4 panel comic that reflects on the vanity of needless busyness,

    Death is around the corner. How we come to terms with, that is the business of our living.

    Don’t work so hard. You’ll likely regret it.

  • Willful Blindness

    4 panel comic that references Toni Morrison's 1993 conversation with Charlie Rose urging people to think of anti-racist work as the responsibility not of Black Americans but that of White Americans.

    History is not the past, history is the present. We carry our history with us. To think otherwise is criminal. -James Baldwin

    Nothing fancy here. Just a straighforward public service announcement.

    Whiteness is a dangerous, violent concept. It isn’t about skin color. It’s not even about race. I mean, it is, and it isn’t. Fundamentally it’s the symbol of those appearances and lineages used to implement a willful blindness used to justify white supremacy. Whiteness mutates as the needs of the shape of the hegemony of whiteness shifts. It’s a deft chameleon. It is about using moral rhetoric to defend exploitation, racism, mass murder, reigns of terror and the crimes of empire. It is necessary to justify the sins needed to satisfy our ancestors’ greed and our comfort.

    This is the history of whiteness. Reckon with it and see yourself as you truly are.

    Then, build a better world.

    For context, I’m white and latinx. I’m a first generation immigrant to the U.S.A. from Venezuela and of Spanish descent. This is my history.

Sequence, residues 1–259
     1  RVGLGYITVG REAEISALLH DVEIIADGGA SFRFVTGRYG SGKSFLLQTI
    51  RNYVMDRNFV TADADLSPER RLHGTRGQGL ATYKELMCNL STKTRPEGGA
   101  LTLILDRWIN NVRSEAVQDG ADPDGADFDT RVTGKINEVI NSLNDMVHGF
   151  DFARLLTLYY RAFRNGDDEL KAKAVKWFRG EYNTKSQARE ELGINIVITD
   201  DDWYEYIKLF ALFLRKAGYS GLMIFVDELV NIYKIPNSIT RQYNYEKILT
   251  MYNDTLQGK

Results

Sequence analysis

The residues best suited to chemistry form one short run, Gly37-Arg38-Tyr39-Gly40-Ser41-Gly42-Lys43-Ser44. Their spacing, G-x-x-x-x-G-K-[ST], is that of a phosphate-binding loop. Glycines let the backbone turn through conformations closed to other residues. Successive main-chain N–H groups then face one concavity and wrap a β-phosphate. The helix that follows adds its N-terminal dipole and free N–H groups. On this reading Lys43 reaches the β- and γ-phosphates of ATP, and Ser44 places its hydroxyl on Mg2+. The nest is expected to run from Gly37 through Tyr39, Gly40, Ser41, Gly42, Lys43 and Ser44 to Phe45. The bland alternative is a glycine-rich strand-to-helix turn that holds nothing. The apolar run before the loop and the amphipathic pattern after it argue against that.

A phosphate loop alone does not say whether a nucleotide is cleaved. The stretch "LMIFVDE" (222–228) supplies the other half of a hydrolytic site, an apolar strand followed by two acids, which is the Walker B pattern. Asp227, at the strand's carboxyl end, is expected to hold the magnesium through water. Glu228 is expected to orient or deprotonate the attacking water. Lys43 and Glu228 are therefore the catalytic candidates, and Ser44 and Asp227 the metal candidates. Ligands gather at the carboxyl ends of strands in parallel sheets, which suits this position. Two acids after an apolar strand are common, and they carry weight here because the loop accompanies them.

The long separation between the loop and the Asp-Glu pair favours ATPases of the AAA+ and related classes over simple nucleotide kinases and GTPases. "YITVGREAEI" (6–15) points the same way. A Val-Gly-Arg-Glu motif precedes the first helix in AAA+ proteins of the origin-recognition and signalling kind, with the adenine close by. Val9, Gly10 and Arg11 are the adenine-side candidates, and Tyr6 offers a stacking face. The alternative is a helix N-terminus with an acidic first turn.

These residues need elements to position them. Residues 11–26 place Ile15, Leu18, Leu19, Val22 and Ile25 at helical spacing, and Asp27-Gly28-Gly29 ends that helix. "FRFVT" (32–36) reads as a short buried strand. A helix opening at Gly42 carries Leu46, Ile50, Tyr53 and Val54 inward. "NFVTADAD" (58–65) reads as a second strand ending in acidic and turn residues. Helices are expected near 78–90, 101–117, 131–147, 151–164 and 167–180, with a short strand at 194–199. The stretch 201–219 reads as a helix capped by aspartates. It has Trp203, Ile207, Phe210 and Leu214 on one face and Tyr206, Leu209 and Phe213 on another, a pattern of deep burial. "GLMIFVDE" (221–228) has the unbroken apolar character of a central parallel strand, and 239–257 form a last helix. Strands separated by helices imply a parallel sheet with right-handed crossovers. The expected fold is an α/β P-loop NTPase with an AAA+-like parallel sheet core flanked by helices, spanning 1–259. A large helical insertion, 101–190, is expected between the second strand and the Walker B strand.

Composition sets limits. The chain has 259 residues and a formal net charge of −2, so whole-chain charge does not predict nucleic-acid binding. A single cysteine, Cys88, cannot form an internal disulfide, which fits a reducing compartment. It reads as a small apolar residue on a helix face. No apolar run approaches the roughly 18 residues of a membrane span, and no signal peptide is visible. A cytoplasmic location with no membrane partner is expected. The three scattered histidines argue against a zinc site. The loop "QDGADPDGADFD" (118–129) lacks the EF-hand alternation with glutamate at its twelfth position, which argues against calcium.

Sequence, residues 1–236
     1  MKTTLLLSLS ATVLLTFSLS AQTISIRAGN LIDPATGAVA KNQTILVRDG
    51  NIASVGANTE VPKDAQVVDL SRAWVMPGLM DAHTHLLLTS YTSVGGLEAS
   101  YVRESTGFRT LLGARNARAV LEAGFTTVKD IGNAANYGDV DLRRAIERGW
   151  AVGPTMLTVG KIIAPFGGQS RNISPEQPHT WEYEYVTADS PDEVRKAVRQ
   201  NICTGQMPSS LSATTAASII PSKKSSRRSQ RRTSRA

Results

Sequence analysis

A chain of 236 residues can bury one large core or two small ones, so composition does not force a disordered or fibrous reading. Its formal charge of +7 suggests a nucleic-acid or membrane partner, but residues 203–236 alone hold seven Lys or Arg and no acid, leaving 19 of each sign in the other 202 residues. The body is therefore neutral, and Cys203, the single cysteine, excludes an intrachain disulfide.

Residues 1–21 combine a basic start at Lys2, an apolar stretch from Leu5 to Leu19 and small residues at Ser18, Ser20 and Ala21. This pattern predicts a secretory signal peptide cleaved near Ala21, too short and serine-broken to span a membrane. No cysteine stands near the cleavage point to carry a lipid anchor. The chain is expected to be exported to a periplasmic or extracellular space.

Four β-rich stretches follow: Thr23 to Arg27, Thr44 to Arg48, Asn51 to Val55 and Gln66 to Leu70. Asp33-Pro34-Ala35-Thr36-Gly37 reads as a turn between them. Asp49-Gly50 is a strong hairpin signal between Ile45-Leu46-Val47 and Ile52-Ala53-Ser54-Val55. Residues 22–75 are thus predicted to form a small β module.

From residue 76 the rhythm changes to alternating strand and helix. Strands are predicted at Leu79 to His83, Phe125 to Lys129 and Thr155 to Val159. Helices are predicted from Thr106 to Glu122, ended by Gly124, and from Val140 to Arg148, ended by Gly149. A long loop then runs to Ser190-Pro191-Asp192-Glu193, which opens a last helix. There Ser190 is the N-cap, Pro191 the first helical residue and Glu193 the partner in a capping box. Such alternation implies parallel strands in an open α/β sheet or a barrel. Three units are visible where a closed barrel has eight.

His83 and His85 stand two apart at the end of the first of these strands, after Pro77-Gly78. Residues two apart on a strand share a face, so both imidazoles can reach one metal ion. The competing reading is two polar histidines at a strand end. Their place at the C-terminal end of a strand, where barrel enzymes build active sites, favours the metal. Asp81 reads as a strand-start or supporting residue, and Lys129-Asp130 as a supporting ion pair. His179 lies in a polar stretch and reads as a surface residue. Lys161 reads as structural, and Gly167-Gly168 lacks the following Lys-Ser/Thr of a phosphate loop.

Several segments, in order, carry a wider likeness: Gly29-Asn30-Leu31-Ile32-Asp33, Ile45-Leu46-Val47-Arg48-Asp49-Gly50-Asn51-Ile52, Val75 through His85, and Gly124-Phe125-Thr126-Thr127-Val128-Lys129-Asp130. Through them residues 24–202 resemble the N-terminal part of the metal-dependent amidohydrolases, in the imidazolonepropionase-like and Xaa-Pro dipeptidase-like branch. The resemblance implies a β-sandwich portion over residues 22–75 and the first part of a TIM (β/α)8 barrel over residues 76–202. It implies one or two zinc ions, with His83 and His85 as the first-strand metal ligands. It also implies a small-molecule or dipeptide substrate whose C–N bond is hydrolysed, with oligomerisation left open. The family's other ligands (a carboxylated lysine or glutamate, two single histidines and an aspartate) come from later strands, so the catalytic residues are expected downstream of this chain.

Further Reading/Watching:

  • S-N-A-K-E-S

    Front and Back Cover of "Snakes" First Spread of "Snakes" Second Spread of "Snakes" Third Spread of "Snakes"

    This is a zine I made when Simon Reinhardt was visiting Pittsburgh in April of 2017 for PIX, the Pittsburgh Independent Comics Expo. It was a confusing time, so naturally, this is a confusing zine.

    It was made from a collection of drawings that I was making with a chunky, Sharpie Flip Chart marker while out and about on index cards. This was done at the peak of working for Frank Santoro so his predilection for Matisse-like mark-making and notecard technique was rubbing off on me. It was also the beginning of my burn-out from working with Frank.

    I had just started working at the Greater Pittsburgh Arts Council, was running the then 3-times monthly comics salons, was still doing a radio-show on WRCT-Pittsburgh, and the daily news blogging on Comics Workbook was going full-steam. I was coordinating workshops at PIX that year with Frank and Sally Ingraham and it was just too much. I was really hungry for experience and opportunities for growth at the time so I was afraid of saying no to things, but it broke my back.

    Flip Chart Marker

    In the face of the daily exhaustion, I found the Flip Chart Marker drawings immensely helpful. The lines went down with immediate impact. In the little time that I had to draw on the bus or waiting between jobs I could draw lines that felt like someone else was drawing them. (I don’t particularly recommend these markers other than for ephemeral drawing - These markers aren’t made for archival use so the drawings fade quickly. And if you spill water on them, the pigments composing the colors spread out real wild-like.)

    This zine comes from trying to make a special, strange object with comics-energy from the pieces of my ongoing notecard drawings. Simon and I stayed up late to make these zines and had them ready for the Expo. He was doodling some snakes and I asked him if I could photocopy them and include them in the zine. It creates a silly, bizarre tension between the drawings of people around town. It also takes me back to a moment of late night creative friendship with Simon. I love it.

    It was exciting and fun to have this strange little zine to people. Looking back on it, I’d say this was the first zine that I’m truly proud of. It speaks to a certain aesthetic mystery that I’ve tried to pursue over the past 3 years.